|Subject: RT: Bishop Belo urges Megawati to respect
Date: Sat, 14 Aug 1999 09:19:53 -0400
From: "John M. Miller" <firstname.lastname@example.org>
Received from Joyo Indonesian News:
Bishop Belo urges Megawati to respect E.Timor vote
DILI, East Timor, Aug 10 (Reuters) - East Timor's spiritual leader, Bishop Carlos Belo, on Tuesday urged Indonesian presidential hopeful Megawati Sukarnoputri to respect the result of the territory's August 30 independence vote.
In a letter to Megawati, who is visiting East Timor, Belo also urged her to seek peaceful solutions to separatist rebellions in the provinces of Aceh and Irian Jaya.
``We hope Megawati will be able to respect the aspirations of the East Timorese people after the popular consultation (vote),'' Belo said in the letter, a copy of which was released to journalists after talks with Megawati in East Timor's capital.
Megawati made no statement after the meeting.
Megawati has urged East Timorese to choose to remain part of Indonesia in the vote, but she has also pledged to respect the result if they opt for independence.
Megawati's Indonesian Democratic Party-Struggle (PDI-P) won the most votes in Indonesia's June 7 general elections and she is considered a frontrunner for the presidential poll in November.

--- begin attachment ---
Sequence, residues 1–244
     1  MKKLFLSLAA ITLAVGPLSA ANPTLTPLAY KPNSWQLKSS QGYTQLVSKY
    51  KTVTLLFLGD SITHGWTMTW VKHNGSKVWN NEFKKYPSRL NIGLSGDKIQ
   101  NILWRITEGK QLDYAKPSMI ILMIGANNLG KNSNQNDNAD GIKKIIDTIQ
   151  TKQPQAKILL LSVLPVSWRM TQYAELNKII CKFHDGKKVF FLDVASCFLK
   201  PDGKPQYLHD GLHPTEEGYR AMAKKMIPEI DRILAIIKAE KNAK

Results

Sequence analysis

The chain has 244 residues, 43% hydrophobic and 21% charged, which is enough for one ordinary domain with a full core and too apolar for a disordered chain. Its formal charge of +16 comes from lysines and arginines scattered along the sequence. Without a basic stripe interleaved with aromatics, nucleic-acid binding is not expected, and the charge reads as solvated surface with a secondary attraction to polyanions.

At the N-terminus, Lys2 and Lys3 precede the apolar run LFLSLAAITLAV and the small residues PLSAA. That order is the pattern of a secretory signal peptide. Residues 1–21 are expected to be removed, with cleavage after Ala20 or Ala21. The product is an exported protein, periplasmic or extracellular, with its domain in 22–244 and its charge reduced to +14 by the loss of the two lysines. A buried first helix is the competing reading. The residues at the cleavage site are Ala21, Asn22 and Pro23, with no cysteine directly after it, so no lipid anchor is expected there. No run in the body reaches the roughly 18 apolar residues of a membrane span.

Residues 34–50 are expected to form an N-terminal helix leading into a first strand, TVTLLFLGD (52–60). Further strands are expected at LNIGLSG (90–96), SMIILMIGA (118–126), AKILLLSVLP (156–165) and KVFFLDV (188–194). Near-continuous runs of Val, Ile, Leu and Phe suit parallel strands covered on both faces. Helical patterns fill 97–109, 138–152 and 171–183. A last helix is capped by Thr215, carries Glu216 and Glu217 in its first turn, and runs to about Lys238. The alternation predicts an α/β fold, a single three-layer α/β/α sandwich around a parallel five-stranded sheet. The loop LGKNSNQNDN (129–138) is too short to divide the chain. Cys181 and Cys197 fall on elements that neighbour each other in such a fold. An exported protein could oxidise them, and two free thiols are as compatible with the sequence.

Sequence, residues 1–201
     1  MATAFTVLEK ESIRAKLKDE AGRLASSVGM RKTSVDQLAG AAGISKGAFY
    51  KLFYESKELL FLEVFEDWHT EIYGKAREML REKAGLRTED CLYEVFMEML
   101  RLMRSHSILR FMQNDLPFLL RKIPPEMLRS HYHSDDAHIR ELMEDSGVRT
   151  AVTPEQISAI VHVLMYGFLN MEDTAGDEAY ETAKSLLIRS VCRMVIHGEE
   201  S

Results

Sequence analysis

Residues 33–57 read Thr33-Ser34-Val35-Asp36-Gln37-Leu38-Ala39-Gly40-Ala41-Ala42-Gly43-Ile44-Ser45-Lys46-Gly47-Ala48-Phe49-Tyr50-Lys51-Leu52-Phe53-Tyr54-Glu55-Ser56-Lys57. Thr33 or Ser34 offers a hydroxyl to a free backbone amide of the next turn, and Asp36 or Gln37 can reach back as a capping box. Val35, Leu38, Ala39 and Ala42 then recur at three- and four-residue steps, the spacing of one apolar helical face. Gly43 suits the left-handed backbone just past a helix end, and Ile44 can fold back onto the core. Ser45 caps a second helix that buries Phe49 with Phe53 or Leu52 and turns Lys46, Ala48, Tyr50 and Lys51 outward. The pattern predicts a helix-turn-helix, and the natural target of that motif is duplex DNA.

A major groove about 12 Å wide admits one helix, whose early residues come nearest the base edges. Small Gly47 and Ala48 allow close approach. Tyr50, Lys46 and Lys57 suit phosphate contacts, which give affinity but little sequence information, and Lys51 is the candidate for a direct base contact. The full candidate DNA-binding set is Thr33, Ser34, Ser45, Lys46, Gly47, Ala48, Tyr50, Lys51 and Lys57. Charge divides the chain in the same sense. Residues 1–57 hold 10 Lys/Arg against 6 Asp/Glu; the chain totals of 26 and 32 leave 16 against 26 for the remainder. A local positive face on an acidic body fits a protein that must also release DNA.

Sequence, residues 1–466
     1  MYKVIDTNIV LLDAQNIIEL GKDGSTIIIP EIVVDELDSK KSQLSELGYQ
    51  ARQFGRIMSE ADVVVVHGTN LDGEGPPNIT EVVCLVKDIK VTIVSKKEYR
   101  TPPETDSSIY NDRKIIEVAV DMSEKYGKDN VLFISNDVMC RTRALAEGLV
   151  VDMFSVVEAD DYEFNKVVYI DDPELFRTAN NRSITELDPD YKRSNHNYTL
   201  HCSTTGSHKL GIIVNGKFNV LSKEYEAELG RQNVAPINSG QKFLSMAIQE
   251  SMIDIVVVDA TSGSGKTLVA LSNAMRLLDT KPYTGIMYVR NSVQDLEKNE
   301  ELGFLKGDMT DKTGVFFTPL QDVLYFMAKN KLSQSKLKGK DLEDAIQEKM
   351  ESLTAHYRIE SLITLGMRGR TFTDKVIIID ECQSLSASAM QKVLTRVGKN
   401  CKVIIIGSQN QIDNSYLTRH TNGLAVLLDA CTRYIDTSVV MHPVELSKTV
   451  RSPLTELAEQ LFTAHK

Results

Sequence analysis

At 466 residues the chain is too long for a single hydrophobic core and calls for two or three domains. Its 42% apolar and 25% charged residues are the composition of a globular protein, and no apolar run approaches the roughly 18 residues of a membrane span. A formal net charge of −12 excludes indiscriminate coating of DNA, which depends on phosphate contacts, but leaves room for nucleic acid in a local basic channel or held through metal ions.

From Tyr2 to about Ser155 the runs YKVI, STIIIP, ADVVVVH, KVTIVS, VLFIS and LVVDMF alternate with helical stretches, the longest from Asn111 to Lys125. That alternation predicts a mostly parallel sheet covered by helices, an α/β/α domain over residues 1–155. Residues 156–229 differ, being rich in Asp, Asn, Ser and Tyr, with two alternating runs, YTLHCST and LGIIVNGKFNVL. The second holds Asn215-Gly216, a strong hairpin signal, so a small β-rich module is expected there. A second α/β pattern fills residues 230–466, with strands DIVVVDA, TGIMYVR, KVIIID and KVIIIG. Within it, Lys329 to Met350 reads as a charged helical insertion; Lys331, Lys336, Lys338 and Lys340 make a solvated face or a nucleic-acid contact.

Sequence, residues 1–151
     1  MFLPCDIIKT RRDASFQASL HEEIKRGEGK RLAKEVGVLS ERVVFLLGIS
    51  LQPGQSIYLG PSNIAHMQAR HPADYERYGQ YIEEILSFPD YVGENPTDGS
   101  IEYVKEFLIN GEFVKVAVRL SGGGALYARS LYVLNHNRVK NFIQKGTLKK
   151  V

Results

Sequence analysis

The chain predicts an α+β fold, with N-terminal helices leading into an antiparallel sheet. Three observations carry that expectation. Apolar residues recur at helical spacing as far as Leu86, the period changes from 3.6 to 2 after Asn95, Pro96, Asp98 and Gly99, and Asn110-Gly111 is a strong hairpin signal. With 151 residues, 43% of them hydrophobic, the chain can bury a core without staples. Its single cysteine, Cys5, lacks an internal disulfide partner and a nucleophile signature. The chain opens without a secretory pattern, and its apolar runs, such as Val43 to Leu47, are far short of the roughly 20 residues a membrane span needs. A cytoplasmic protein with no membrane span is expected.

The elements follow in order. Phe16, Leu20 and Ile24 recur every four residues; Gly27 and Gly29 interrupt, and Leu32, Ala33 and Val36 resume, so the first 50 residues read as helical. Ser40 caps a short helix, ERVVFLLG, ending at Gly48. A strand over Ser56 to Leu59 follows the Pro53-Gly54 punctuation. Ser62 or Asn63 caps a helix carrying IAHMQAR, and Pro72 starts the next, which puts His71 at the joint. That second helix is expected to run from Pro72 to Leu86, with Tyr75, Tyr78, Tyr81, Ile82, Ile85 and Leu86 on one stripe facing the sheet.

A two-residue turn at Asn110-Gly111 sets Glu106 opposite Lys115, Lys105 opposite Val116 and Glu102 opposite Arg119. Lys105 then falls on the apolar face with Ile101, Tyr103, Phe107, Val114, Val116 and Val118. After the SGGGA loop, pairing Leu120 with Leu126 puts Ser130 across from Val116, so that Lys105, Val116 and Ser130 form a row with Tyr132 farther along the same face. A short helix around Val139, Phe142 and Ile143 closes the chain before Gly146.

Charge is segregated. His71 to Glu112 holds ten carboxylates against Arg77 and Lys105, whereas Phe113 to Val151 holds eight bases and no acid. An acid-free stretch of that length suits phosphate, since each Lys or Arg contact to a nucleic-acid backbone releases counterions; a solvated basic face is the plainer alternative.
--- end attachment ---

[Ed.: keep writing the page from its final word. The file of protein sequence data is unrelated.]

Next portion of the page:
``We hope that Megawati and the PDI-P... will seek a political solution for our brothers in Aceh and Irian Jaya,'' Belo's letter said.
Although Jakarta has allowed East Timorese to vote on independence after 23 years of often brutal Indonesian rule, it has rejected calls for similar votes elsewhere, particularly Aceh in northwestern Sumatra and Irian Jaya in the far east.
Indonesia's 1976 annexation of the former Portuguese colony of East Timor has never been recognised by the United Nations.
But Aceh and Irian Jaya were part of the Dutch East Indies, the former Dutch colony which gave birth to Indonesia.
Belo also called on Megawati to release all political prisoners and reduce the role of the military in politics.
Former president Suharto, ousted amid political and economic turmoil in 1998, jailed thousands of critics and opponents, including East Timor rebel leader Xanana Gusmao, now under house arrest in Jakarta.